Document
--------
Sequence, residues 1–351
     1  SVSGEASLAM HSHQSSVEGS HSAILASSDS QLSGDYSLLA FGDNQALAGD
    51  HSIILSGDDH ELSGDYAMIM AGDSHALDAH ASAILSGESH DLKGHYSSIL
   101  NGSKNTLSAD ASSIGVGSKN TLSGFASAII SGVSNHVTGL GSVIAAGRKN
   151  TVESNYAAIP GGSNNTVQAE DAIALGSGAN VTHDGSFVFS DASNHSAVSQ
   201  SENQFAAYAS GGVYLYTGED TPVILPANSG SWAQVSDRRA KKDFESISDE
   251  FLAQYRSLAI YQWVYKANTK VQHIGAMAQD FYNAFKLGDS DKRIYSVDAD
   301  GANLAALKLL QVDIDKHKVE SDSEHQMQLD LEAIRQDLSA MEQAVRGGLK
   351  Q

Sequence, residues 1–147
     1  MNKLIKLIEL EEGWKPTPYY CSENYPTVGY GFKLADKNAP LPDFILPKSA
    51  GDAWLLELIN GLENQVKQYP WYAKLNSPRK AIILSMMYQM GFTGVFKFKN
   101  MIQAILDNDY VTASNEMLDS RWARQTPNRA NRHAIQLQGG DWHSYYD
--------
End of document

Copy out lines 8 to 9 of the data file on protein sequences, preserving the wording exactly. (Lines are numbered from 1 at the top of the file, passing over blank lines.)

   301  GANLAALKLL QVDIDKHKVE SDSEHQMQLD LEAIRQDLSA MEQAVRGGLK
   351  Q